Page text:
ArduinoSerialInput

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Overview

This sketch adds serial port input.

It gets a single character from the serial port and prints some information about it. If it's a 'b' then it also blinks the LED.

Git repository

https://bitbucket.org/arrizza/arduinoserialinput

git clone git@bitbucket.org:arrizza/arduinoserialinput.git

Setup

The setup function is roughly the same as that for ArduinoSerialOutput except the initial message is now "serial input" and the LED is internalized too, see ArduinoLedBlink

Main Loop

The main loop checks to see if a character is available on the serial port. If not, it exits the loop() function immediately. The loop() function is called continually, so this bit of code is run at maximum speed.

The .available() call returns the number of bytes waiting in the serial port buffer

if (Serial.available() <= 0)
    {
    return;
    }

If there is at least one byte waiting, it's read. The read() function simply returns the next byte from the serial port buffer. the "char ch" declares that byte to be a character and initially sets it to 0 (a "null character")

 char ch = 0;
 // ... other code ...
 ch = Serial.read();

Then the value of the byte is printed in hexadecimal (aka "hex" - base 16) and in decimal (our normal base 10). the character itself is also printed.

  Serial.print("recv: 0x");
  Serial.print(ch, HEX);
  Serial.print("=");
  Serial.print(ch, DEC);
  Serial.print("=");
  Serial.println(ch);

In the CLion Serial Monitor (see Arduino Setup#Install CLion), enter "abc" in the input text area and make sure the dropdown says "No line ending". Then press Send. You should see the character information for 'a', 'b' and 'c'.

recv: 0x61=97=a
recv: 0x62=98=b
blink
recv: 0x63=99=c

This output shows that the 'a' is hex 0x61 (the "0x" prefix is just a reminder that it is in hex). It is decimal 97. And it is displayed on the screen like so: "a". To see all of the character values, you can see [1] or type them in to the Serial Monitor.

When the code sees the character 'b', it prints :"blink" and blinks the LED 3 times

  if (ch == 'b')
    {
    // blink the LED
    Serial.println("blink");
    for(int i = 0; i < 3; ++i)
      {
      digitalWrite(13, HIGH);
      delay(200);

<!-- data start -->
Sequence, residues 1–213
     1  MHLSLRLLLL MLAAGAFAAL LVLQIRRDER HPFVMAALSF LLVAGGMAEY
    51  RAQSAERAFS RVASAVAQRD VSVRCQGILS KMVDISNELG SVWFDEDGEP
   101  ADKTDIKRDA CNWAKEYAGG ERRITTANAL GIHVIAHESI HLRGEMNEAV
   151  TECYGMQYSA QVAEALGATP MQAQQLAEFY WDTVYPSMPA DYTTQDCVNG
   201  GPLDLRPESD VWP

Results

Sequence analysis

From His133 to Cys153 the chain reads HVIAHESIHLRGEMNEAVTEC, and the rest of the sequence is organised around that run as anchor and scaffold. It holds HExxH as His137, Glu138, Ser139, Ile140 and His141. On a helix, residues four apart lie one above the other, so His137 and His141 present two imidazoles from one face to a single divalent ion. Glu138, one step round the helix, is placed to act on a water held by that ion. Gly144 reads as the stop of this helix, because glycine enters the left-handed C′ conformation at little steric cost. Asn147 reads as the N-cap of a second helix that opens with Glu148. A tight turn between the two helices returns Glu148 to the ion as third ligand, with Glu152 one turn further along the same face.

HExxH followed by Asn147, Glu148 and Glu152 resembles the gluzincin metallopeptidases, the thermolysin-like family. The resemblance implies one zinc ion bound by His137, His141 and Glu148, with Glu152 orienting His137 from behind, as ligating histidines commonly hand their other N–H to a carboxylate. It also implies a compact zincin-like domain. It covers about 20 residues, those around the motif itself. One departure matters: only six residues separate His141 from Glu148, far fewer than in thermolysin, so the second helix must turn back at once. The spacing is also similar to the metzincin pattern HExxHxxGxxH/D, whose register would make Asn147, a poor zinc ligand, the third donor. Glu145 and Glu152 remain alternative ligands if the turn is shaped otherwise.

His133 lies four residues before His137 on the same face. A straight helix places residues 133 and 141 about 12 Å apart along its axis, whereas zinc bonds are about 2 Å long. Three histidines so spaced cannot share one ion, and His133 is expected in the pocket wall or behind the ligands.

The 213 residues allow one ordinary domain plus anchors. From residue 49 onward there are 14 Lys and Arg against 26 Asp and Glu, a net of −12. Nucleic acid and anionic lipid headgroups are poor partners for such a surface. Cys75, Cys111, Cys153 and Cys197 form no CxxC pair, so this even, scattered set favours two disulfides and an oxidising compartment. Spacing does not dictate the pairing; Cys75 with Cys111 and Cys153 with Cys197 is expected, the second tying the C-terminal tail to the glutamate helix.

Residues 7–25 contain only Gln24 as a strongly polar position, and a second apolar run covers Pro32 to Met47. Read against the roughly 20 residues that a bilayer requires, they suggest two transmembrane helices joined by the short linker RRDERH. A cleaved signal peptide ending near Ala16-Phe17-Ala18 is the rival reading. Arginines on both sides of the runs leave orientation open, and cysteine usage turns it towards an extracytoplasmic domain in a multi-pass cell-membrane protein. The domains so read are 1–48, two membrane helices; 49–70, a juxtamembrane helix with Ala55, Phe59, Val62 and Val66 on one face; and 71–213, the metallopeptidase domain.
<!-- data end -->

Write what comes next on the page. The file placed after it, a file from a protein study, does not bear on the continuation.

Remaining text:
digitalWrite(13, LOW);
      delay(200);
      }
    }


Notes

  • on the Mega, any serial port communication already blinks an LED. It is right next to LED attached to pin 13. The pin 13 LED blinks a little slower than the communication LED.
  • the Serial Monitor in CLion is ok when you want to send a string of characters down to the Arduino. You enter the characters and then press Send. But if you want it more interactive, use PuTTY. Set up putty as described here Arduino Setup#Setup putty and then open up a PuTTY session. As you type in characters one-by-one, they'll be sent to the Arduino and it will respond immediately.

Automate It!

Install Ruby

  • if you don't have ruby installed, install it now
  sudo apt-get install ruby
  ruby -v
      ruby 2.3.1p112 (2016-04-26) [x86_64-linux-gnu]  
      # your version may be slightly different
  • install the ruby serial port gem
sudo gem install serialport

gem list serialport

*** LOCAL GEMS ***
serialport (1.3.1)   
# your version may be slightly different

Run the ruby script

  • run auto_test.rb
$ ruby auto_test.rb 
recv: 0x48=72=H
recv: 0x65=101=e
recv: 0x6C=108=l
recv: 0x6C=108=l
recv: 0x6F=111=o
recv: 0x20=32= 
recv: 0x57=87=W
recv: 0x6F=111=o
recv: 0x72=114=r
recv: 0x6C=108=l
recv: 0x64=100=d
recv: 0x21=33=!

How does it work?

  • It sets up the serial port
@port = '/dev/ttyACM0'
parity = SerialPort::NONE
@mc    = SerialPort.new(@port, 115_200, 8, 1, parity)
  • it's unlikely, but there could be characters in the serial port from a previous session, so clean them out
@mc.read_timeout = -1
@mc.flush_input
@mc.flush_output

# read a couple of times to get rid of garbage
@mc.getbyte
@mc.getbyte

# reset the read_time to 1s
@mc.read_timeout = 1000
  • it takes a string "Hello World!" and sends it character by character to the Arduino

s = "Hello World!"
s.each_byte do |ch|
  @mc.putc(ch)
  read_response()
end
  • after each character it waits for the Arduino's response. The function read_response() does that work with a simple loop to read the input a character at a time until a linefeed. The linefeed has ASCII code 0x0A and is sent by the Arduino by the println() function (see above)

The .chr() ruby function converts a byte (an integer) into a character (a letter)

  loop do
    # get the next byte
    ch = @mc.getbyte

    # if we got nothing from the Arduino, 
    # it may have timed out, try again
    continue if ch.nil?
    
    # the response ends on a linefeed from the Arduino
    if ch == 0x0A
      puts
      return
    end

    # print the character as a character (not a byte) on your PC
    print(ch.chr)
  end
  • we're done with it, so close the serial port
@mc.close
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